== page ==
Best truck is probably the Xterra, because it takes the road less traveled that the Pathfinder has now throughly abandoned. Not great of gas, but tough.

  • avatar
    dolorean

    Sajeev, had to snigger a little when you referred to the bloated behemoth Lincoln Navigator a ‘Light Truck’; however, do agree if your needs are for the plush life and something to tow the house behind you, the Gator is a very nice choice if you got the cabbage.

    Question, how did the Nissan Murano Cross Cabriolet miss the hate mail?? I’d take a shovel to the face before you could drag me into the driver’s seat of that hot mess. So bad it makes the Juke look good. I’ll take a Sentra please! Id say to the rental counter if they were the choice.

  • avatar
    Russycle

    Call me crazy, but I’m going to give some love to the bloated, ugly, Scion Xb…for having the biggest back seat in anything this side of a limo, at less than 20 grand. Really, it’s amazing. 90% of people buying CUVs to haul their spawn around would probably be happier with an Xb as their family truckster.

    • 0 avatar
      Zewspeed

      That, plus the peerless reliability record (no matter which publication you consult) is exactly why I ended up buying one this year. It’s a fantastic daily driver; I would like for it to weigh a little less, and be a little more fuel efficient, but those are flaws I can live with for the low, low price.

    • 0 avatar
      GiddyHitch

      It’s growing on me as well after hitching a ride in some xB cabs in Chicago. Seemed like a great truckster for hauling kids, bikes, groceries, etc around.

  • avatar
    Nedmundo

    I tested a few this year, and for my fave I’ll give the FR-S/BRZ a narrow victory over the Focus ST. The Ford is the better daily driver, but the twins are more fun to drive and occupy a narrower niche.

    I agree with MK that Acura’s ILX is pretty lame, and not just because it’s overpriced. The steering is just awful, and the suspension is pretty sloppy, even in 2.4L/6MT trim. So, considering its premium aspirations, I’ll go with it as the “worst,” even though it’s a decent car in absolute terms and seems to have potential.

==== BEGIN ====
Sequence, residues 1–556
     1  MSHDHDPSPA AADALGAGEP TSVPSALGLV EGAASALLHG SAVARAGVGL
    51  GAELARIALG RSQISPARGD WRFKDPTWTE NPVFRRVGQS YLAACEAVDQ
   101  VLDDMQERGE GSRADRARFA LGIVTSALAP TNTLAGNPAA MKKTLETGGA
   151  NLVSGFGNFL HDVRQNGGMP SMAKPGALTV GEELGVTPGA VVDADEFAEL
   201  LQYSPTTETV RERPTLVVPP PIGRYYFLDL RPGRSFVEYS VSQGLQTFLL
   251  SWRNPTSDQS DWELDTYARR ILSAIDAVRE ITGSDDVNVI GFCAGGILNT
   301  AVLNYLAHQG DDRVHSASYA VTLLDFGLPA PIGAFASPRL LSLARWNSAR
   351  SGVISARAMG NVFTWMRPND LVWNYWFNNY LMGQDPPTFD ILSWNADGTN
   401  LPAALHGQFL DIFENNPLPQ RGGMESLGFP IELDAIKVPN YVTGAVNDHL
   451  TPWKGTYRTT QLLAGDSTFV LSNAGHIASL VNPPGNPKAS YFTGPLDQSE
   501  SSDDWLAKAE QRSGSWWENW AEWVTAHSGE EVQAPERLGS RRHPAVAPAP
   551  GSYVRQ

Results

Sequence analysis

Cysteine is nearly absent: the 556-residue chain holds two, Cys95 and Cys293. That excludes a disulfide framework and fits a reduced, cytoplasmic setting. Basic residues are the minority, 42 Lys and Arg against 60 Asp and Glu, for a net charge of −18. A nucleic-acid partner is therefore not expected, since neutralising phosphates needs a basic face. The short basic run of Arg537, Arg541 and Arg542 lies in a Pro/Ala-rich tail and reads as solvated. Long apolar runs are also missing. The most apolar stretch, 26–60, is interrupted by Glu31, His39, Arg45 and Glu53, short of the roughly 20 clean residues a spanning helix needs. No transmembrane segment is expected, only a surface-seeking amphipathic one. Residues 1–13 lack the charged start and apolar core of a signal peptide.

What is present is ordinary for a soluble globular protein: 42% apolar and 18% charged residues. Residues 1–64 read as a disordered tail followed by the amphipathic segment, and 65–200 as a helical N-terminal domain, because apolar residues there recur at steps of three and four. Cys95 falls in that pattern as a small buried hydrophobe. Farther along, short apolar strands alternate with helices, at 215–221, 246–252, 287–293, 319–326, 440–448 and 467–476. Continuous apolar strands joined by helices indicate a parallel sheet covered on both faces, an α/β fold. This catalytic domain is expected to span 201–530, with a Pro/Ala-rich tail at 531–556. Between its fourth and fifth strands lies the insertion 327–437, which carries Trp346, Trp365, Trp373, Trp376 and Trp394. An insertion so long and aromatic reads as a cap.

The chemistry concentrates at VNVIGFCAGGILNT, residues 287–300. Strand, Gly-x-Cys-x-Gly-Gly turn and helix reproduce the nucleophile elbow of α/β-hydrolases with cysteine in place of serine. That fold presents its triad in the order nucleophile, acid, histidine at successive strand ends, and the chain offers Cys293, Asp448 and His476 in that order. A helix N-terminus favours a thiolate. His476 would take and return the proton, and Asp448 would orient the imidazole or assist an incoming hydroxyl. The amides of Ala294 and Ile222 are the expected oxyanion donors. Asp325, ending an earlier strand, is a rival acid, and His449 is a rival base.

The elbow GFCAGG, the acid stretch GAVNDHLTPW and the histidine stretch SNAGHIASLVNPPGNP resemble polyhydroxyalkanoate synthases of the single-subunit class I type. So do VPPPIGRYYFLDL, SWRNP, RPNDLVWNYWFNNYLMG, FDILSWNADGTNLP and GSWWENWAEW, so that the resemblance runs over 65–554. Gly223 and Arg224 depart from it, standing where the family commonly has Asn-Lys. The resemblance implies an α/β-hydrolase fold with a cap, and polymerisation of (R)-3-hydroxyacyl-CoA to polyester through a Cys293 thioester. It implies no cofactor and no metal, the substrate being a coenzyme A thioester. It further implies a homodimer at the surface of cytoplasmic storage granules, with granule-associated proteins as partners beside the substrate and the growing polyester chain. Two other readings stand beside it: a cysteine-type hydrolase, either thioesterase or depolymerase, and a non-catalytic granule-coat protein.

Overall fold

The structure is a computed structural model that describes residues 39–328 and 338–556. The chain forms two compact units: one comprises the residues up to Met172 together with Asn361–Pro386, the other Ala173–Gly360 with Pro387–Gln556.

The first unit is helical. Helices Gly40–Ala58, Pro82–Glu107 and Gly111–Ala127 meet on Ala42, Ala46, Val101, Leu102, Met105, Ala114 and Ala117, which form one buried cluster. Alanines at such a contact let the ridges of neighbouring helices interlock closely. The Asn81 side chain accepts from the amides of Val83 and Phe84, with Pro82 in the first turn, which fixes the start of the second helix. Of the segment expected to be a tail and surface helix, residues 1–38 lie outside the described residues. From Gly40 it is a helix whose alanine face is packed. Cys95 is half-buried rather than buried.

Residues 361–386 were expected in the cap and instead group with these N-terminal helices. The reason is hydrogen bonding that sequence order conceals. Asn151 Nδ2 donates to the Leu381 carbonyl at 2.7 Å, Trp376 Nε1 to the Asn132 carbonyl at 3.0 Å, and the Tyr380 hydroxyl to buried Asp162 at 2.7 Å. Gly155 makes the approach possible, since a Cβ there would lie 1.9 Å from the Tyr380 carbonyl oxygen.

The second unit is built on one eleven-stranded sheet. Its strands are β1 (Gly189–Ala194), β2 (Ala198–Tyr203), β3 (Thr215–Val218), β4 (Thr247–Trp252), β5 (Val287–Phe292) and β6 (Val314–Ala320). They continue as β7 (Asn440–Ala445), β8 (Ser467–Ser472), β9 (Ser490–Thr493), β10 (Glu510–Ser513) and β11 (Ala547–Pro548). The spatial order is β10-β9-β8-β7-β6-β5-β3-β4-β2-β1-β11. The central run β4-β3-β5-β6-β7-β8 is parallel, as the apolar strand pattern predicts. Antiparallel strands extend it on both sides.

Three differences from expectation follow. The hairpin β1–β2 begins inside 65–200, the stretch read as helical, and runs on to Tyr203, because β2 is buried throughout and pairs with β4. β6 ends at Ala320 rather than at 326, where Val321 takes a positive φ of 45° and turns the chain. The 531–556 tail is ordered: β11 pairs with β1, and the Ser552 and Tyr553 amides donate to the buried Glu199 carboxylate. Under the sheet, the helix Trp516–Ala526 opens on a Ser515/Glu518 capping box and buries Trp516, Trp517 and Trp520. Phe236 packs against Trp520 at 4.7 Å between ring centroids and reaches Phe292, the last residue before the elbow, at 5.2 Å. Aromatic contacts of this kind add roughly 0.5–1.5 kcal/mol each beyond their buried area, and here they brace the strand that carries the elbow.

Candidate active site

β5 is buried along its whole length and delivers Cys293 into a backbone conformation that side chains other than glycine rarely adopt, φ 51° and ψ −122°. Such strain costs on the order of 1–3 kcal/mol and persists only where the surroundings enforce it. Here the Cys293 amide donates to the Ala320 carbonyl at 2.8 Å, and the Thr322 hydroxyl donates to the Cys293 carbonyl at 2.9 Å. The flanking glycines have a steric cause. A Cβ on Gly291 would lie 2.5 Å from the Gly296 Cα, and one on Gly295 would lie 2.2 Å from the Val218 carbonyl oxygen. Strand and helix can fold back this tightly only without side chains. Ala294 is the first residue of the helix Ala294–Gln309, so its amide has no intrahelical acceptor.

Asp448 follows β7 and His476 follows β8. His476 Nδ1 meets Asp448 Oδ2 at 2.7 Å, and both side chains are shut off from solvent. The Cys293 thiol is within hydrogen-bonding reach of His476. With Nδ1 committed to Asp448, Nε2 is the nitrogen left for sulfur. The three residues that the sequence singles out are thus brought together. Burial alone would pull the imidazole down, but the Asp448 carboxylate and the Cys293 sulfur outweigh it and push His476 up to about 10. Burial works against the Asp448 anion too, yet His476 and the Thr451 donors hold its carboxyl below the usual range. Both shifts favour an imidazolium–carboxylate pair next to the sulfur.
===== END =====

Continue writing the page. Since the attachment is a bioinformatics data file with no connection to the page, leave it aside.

However, I was actually more disappointed by the two BMW F30 328i models I drove, probably because my expectations were so high. Overall, they are outstanding in most respects, but the numb steering and somewhat isolated feel left me cold. I expected to want to buy it on the spot, but instead was perfectly happy to get back into my TSX. (And yes, I made sure to drive them in sport mode.)

  • avatar
    nikita

    Totally agree on the xD. I cross shopped it, along with the Fiesta and Versa, before getting the Fit. Why did they screw up and ruin the original xB?

  • avatar
    Secret Hi5

    “Look for Murilee’s forthcoming “Worst Rental Cars of the Year” for more.”

    I am looking forward to that! My personal worst rental car within the past year: Dodge Charger. (Yeah, I’m spoiled by being National Executive Select.)

  • avatar
    Lightspeed

    Best new car- Lexus GS. It says Lexus is awake and is back. If they have the sense to put a V8 in it, the German brands should be afraid.
    Worst new car – Anything Lincoln. I would rather they wrap it up and go home than keep up the charade. In fact, I’d like to see them axe Lincoln and bring back Mercury as a single model flagship large coupe.

    • 0 avatar
      28-Cars-Later

      I can’t see Mercury coming back at the expense of Lincoln, but slimming down Lincoln to two or three unique models is a promising idea. I’d give a pass to Navigator with respect to being “unique”, but the other offerings should not be Xeroxed Fords.

      • 0 avatar
        Lightspeed

        Like it, with two – three models they can (hopefully) build in exceptional quality, exceptional design and maybe even find some soul to give the whole enterprise some meaning far beyond a brand.

  • avatar
    AJ

    I totally agree about the RX-7. Back in 93 I wasn’t 5 years old like Derek was, but still, I couldn’t have afforded the car. I somehow thought that kind of car would still be around when I could. Sadly it’s not.

    I owned two first generation RX-7s, and although I miss them, the 3rd generation was the ultimate.

  • avatar
    AoLetsGo